A stove that unique that it has a dedicated fan club deserves to be the design focus of a kitchen. Which brings me to the point of this post. As designers, one of our tricks is to create focus. In certain rooms there is an obvious focal point: a crib in a nursery, a bed in a bedroom, a fireplace in a living room or family room. Sometimes a spectacular piece of art is the focus or sometimes it's a spectacular view. In a kitchen, a special stove--like the Chambers--is indeed the focus.

I decided to pay homage to the Chambers stove I lost by featuring other special stoves that command focus in a kitchen. Some obvious choices are the Aga stove from England made of cast iron and clad in Elmira Stoveenamel (your choice of 11 different colors). Or La Cornue from France, the Rolls Royce of ovens, each hand made. If you're really into vintage, you might consider a stove from the Elmira Stove Works. But I saw one of the best illustrations of a stove as focus at the 2006 Kips Bay Decorator Show House in New York City. In a kitchen designed by St. Charles of New York, a red enamel Molteni by Electrolux stood front and center, an island in a sea of walnut cabinets and stainless steel appliances. The Molteni Podium is a free-standing unit, made in France, and customized to the needs of the user. The Show House stove had a refrigerated sink for a raw bar, refrigerator drawers, an induction cooking unit and a wok unit. The Show House stove, 5 years ago, had an $85,000 price tag. Definitely for the serious cook or the person who wants to look like one. And to think the thousand or so dollars to move the Chambers was too costly. By the way, Mom, a refurbished Chambers can run anywhere from $5,000 to $9,000.

          

  Aga Six-Four Range                            La Cornue Chateau Range

 

                      Aga Stove in Contemporary Kitchen

  

                                  La Cornue in Rustic Kitchen

    2006 Kips Bay Decorator Show House Kitchen by St. Charles of New York

Tuesday
Jan242012

Navy Blazers

My dad was in the menswear business: he designed and sold knitted shirts for a company that had its heyday in the '70s. The shirts were decent--good for their price point--but trendy and didn't last for more than a couple of seasons (whether due to workmanship or style is anyone's guess).  One of the many lessons my dad taught me from his experience in the apparel business was to spend a little more and invest in well-made classic styles.  He said, you can never go wrong with a navy blazer.  This advice has always stuck with me and is one of my guiding principles as a designer.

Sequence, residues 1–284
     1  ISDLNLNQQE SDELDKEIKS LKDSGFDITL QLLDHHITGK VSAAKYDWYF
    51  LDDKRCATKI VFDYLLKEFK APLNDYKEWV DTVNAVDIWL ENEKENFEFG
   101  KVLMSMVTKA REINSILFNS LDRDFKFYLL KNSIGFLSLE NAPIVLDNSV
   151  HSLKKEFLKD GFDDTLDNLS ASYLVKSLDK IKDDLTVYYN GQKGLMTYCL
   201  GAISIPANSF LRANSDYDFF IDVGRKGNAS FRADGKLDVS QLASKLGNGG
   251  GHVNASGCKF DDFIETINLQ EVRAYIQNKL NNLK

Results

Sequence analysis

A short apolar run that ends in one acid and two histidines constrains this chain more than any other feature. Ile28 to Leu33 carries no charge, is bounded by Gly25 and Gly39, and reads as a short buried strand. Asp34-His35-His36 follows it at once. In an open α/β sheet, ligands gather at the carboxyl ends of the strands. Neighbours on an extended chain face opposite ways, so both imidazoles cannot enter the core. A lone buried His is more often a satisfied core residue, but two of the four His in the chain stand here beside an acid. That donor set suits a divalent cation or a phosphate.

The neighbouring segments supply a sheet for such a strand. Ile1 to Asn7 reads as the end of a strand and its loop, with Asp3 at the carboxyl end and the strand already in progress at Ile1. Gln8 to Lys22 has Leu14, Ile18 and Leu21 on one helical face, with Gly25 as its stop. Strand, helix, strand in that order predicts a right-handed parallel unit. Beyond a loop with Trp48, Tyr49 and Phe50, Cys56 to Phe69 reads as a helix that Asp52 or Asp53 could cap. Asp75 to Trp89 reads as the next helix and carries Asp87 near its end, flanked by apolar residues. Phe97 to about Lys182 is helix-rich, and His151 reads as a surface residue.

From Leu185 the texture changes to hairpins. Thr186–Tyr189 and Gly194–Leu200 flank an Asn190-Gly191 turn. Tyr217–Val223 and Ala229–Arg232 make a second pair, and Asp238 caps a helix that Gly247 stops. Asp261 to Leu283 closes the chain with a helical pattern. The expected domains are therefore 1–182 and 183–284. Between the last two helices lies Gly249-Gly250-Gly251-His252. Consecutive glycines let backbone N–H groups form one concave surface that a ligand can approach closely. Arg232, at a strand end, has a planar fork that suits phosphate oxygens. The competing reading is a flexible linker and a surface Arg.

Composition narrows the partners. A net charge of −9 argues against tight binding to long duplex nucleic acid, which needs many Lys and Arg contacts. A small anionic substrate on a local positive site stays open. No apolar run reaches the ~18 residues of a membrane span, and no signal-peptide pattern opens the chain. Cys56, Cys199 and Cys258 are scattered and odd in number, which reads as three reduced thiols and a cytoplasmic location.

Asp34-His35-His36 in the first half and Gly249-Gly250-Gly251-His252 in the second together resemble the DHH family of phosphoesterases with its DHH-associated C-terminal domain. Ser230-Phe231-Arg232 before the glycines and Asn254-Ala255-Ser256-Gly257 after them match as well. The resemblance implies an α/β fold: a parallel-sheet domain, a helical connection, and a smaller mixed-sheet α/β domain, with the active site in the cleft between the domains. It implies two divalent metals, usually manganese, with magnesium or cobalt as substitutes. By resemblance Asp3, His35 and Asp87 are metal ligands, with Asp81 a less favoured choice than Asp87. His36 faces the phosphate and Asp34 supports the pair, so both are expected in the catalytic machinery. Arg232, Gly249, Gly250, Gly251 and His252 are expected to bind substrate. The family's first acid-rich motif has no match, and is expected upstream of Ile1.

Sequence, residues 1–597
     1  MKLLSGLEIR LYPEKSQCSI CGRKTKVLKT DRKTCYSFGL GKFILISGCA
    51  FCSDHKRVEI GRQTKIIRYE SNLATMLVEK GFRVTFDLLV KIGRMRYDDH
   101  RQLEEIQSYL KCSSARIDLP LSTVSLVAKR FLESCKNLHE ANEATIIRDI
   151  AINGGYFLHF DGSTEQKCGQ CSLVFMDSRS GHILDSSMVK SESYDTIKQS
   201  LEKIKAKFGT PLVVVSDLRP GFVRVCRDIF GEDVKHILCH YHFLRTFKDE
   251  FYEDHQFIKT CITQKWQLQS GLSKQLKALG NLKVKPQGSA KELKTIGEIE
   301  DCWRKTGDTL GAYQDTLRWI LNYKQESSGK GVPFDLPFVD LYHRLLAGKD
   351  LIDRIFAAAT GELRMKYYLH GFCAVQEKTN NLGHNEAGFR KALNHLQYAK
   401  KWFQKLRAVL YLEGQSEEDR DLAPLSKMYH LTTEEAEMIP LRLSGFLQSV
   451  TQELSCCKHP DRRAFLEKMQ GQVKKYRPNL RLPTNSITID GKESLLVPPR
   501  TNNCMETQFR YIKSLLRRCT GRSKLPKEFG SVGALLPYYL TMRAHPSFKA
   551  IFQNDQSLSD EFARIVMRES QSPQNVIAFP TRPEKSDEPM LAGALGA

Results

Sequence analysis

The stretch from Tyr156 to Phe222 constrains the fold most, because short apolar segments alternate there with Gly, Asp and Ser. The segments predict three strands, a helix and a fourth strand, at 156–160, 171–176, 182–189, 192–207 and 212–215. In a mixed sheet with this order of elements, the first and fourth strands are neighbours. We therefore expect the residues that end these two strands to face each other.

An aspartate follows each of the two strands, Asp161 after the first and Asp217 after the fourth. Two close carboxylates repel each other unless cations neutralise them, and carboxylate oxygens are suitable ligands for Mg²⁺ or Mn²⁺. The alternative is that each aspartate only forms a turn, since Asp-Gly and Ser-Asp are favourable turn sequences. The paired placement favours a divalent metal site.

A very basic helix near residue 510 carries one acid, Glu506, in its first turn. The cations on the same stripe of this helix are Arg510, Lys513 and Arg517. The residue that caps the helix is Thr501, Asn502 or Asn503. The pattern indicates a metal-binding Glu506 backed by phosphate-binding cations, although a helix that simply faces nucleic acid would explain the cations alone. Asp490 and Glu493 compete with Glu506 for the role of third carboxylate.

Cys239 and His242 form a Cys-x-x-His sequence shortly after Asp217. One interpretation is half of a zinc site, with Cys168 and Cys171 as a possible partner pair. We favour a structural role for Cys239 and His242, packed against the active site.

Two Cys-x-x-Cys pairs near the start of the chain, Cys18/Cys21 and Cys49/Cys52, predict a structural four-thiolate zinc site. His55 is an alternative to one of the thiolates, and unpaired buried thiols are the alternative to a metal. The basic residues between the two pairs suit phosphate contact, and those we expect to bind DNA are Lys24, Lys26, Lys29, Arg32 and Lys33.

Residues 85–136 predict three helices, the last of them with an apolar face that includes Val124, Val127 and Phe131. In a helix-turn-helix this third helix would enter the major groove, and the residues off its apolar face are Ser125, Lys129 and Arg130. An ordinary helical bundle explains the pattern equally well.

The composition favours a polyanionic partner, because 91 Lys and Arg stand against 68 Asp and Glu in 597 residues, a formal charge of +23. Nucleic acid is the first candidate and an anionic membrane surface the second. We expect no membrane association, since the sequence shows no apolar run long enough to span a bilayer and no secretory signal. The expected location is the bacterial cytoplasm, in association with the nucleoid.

I have many "navy blazers" in my "closet." [Note to spouse: I meant that figuratively, NOT literally.] One ofCirca 1870 Uzbekistan Ikat my all time favorites is ikat. Dating back to the first millennium, ikat is a textile which originated in central Asia. The word "ikat" stems from the Malay-Indonesian word “mengikat” which means “to tie” or “to bind.” Ikats' watercolor-like quality is achieved through a multi-step process beginning with a pattern. Based on the pattern design, the horizontal (weft) or vertical (warp) threads of the textile are resist-dyed in a process similar to tie-dying. With careful planning, the fibers are woven to create the complex pattern. Today many ikats are simulated without the complex dying process by using space-died yarns, by weaving with a jacquard loom or by simply printing the pattern onto cloth. But a true ikat is a beauty to behold.

What I love about ikat is that it works in any decor from traditional to contemporary. Underlay furniture with a flat-weave ikat area carpet and you create a casual environment. Use a colorful ikat with luminescent fibers in draperies and you create drama. Ikat's pattern is strong enough to stand on its own mounted and hung as wall decor. Or simply take a piece and create a throw to lay on the foot of the bed. Instant classic! Daddy would be proud.

                 

Ikat Collection by Azra Imports               J.Crew Perfect Shirt in Wild Ikat

               

 Ikat by Donghia Textiles                             Spice Market by Donghia Textiles

            

 Sahana Ikat by Schumacher                        Madeline Weinrib Ikat Pillow

 

Thursday
Jan192012

Up Against the Wall!

When I was growing up, my mom had a penchant for wallpaper. I grew up in a 1950's multi-level suburban house in Garden City, Long Island. My parents bought the house new in 1956 when my sister was five years old and I had not yet entered the scene. Mom decorated, putting wallpaper in all the bathrooms, the kitchen and the two-story foyer. Back then, foils and flocked wallpaper were all the rage. (Who knew they would come back?) Being the youngest, I got my sister's hand-me-down furniture. But when I became a teenager, I asked my mom to re-do my bedroom for my birthday. It being the '70s, she papered two walls of my bedroom with a big pattern of glossy yellow, orange, white and--yes, 1970's avocado--floral wallpaper. My mother loved it. I kinda liked it, but was upset with the beige carpeting that she had cut and re-purposed from the living room (who knew my mom would be a pioneer of the re-use and re-purpose movement?). It just wasn't the shag carpeting I coveted.

Wallpaper lost a bit of its luster when faux paint finishes became popular. But I've always been a fan. Maybe it's genetic. Certain rooms scream for wallpaper. The powder room, for one. It's a room that guests always see. I like to go bold and dramatic in the powder room. Also in the dining room: I love a classic pattern above the wainscot. One of my current projects is a restaurant in Davis Square, Somerville, Massachusetts that will feature Mexican Oaxacan cuisine. It's called The Painted Burro. When I first saw the space, I instantly thought it needed a wallpapered accent wall. Most of the finishes in the restaurant are natural: wood, stone, and metals. I strongly felt we had to add some contrast with a burst of color and pattern. This led me on a quest to find just the right wallpaper--edgy but ethnic. In my search, I discovered a bonanza of boutique wallcovering studios that print papers that are not only edgy; they are outrageous! There are so many, I'll have to do many posts to cover them all. Guess which wallcovering here will grace The Painted Burro?

                  

 Grow House Grow Cattle Kate                   Ferm Living Fashion Wallpaper

            

          Jill Malek Maidenhair                        Elitis Cuirs Leathers Seville

           

Flat Vernacular Toile de Derby                      Paper Mills Little Havana